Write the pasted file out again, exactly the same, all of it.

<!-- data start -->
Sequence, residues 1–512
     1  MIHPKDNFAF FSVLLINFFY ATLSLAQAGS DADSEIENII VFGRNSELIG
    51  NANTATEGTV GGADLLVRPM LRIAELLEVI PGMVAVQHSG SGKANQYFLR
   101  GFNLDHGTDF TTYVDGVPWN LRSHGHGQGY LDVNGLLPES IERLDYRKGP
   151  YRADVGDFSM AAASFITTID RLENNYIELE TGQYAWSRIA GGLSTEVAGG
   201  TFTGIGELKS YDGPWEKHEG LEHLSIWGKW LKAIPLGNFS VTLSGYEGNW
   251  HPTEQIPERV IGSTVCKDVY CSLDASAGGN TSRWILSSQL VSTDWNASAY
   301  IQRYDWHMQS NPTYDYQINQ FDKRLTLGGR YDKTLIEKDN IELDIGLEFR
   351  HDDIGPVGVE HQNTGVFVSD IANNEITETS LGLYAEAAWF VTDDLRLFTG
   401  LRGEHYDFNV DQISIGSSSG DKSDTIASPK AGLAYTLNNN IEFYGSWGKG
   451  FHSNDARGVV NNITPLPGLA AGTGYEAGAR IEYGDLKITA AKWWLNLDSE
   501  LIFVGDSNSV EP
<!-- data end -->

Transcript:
Sequence, residues 1–512
     1  MIHPKDNFAF FSVLLINFFY ATLSLAQAGS DADSEIENII VFGRNSELIG
    51  NANTATEGTV GGADLLVRPM LRIAELLEVI PGMVAVQHSG SGKANQYFLR
   101  GFNLDHGTDF TTYVDGVPWN LRSHGHGQGY LDVNGLLPES IERLDYRKGP
   151  YRADVGDFSM AAASFITTID RLENNYIELE TGQYAWSRIA GGLSTEVAGG
   201  TFTGIGELKS YDGPWEKHEG LEHLSIWGKW LKAIPLGNFS VTLSGYEGNW
   251  HPTEQIPERV IGSTVCKDVY CSLDASAGGN TSRWILSSQL VSTDWNASAY
   301  IQRYDWHMQS NPTYDYQINQ FDKRLTLGGR YDKTLIEKDN IELDIGLEFR
   351  HDDIGPVGVE HQNTGVFVSD IANNEITETS LGLYAEAAWF VTDDLRLFTG
   401  LRGEHYDFNV DQISIGSSSG DKSDTIASPK AGLAYTLNNN IEFYGSWGKG
   451  FHSNDARGVV NNITPLPGLA AGTGYEAGAR IEYGDLKITA AKWWLNLDSE
   501  LIFVGDSNSV EP